Map of the District of Columbia.
1901 (dated) 28 x 29 in (71.12 x 73.66 cm)
1 : 22500
This is a beautiful 1901 map or plan of Washington D.C. by J. G. Langdon. Prepared under the direction of the sub-committee on the improvement of the park system, the map covers Washington D.C. from Alexandria and the Arlington Cemetery eastward as far as Capitol Heights and from the American University Park and Rock Creek Park south to Bellevue. It notes current park areas, important buildings, individual streets, railroads, bridges, canals, rivers, schools and topography throughout. A legend in the bottom left quadrant indicates areas controlled by various institutes and government departments and agencies including the War Department, Interior Department, Navy Department and the Smithsonian.
This map, predating the important McMillan Plan by a year, notes the members of the Sub-Committee on the Improvement of the Park System, including its chairman James McMillan, and the members of the Commission on the Improvement of the Park System including Frederick Law Olmstead, under whose direction this map was prepared. This map was prepared by J. G. Langdon and published by A. Hoen and Company.
Frederick Law Olmsted (April 26, 1822 - 1903) was an American journalist, landscape designer, and forefather of American landscape architecture. Born April 26, 1822 in Hartford, CT, Olmsted never attended college, instead taking work as a seaman, merchant, and journalist until 1848, when he settled at Tosomock Farm in Staten Island, New York. On June 13, 1859 Olmsted married Mary Cleveland, the widow of his brother John and adopted her three children. Olmsted’s fateful introduction to landscape design occurred in 1850, when a journalism assignment took him to England to visit public gardens. Inspired by Joseph Paxton's Birkenhead Park, he went on to write and publish Walks and Talks of an American Farmer in England. This led to additional work with the New York Daily Times (The New York Times) who sent him on an extensive tour through Texas and the American South from 1852 to 1857. It was after this trip that Olmsted wrote his popular criticism of slave economies, A Journey Through Texas. In 1858, Olmsted, along with his design partner, the architect Calvert Vaux, entered and won New York City's Central Park design competition. Though it was their first major landscape design project, the construction of Central Park from 1857 to 1866, created what many consider to be the finest planned urban recreation area in the world. They continued collaborating on such projects as Prospect Park in Brooklyn, Chicago's Riverside Park, the Buffalo park system, Milwaukee's Grand Necklace, and the Niagara Reservation. These were not just parks, but entire systems of parks and interconnecting parkways (which they invented) linking cities to green spaces. In 1883, Olmsted founded the Brookline, MA based Fairsted Company, the first landscape architecture firm in the United States. It was from this office he designed Boston's Emerald Necklace, the campus of Stanford University, the University of Chicago, the 1893 Columbian Exposition, and many other public areas. In 1895 Olmsted retired to Belmont, Massachusetts. Three years later, in 1898, he was admitted McLean Hospital, whose grounds he had designed several years before. He remained a resident and patient there until he passed away in 1903. Olmsted is buried in the Old North Cemetery, Hartford, Connecticut.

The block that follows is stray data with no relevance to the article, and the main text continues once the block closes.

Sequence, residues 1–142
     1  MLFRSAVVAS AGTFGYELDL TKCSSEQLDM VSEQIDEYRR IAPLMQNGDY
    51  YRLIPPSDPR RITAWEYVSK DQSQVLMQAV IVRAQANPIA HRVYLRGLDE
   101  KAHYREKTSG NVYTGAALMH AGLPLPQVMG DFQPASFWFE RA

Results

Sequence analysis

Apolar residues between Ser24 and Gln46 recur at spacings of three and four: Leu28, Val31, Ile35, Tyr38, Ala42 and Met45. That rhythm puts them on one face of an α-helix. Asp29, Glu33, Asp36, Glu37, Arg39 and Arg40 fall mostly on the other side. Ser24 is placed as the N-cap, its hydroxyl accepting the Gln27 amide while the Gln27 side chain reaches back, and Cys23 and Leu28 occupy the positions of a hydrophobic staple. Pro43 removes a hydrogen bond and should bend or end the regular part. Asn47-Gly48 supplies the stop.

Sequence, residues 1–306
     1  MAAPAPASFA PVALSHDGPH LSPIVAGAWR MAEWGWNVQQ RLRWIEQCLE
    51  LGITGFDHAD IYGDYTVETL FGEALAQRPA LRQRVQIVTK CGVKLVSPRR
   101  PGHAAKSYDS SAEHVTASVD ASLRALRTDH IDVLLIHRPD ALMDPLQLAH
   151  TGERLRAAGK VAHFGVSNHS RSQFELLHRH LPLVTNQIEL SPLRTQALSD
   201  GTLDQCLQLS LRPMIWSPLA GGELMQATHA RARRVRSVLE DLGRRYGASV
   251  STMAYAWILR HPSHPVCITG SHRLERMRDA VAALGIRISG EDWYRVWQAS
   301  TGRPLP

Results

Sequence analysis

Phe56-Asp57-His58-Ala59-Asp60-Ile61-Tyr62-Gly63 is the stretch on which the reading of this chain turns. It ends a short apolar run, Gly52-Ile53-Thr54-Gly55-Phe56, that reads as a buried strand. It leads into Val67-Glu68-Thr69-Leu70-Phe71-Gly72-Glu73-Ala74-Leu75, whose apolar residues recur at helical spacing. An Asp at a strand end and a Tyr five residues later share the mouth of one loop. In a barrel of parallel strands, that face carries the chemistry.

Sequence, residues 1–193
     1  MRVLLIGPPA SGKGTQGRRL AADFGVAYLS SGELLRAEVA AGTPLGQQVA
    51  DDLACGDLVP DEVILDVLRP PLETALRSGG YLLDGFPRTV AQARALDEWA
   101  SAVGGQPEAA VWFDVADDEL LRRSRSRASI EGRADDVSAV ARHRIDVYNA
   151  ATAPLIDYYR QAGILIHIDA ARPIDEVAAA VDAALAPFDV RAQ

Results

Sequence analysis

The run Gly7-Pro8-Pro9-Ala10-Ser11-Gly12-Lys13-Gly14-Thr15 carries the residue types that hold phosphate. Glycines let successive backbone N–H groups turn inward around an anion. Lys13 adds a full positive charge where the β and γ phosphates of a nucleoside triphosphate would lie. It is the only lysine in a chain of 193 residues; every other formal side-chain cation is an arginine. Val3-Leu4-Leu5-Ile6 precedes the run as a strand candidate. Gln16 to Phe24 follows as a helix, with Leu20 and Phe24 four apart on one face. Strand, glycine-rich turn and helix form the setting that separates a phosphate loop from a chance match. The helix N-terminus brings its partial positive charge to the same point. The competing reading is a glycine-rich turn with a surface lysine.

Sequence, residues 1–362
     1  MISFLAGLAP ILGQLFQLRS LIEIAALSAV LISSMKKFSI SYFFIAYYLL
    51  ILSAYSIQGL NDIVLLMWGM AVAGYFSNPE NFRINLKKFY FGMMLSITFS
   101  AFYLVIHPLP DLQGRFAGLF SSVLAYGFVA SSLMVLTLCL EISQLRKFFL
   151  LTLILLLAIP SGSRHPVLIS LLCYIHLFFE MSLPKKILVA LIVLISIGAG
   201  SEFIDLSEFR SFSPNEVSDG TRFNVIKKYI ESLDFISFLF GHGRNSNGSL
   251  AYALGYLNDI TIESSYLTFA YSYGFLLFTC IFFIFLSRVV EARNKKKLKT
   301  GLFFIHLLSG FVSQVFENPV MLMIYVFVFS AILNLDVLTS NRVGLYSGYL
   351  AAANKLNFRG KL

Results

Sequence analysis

Very good. Minor wear along original fold lines.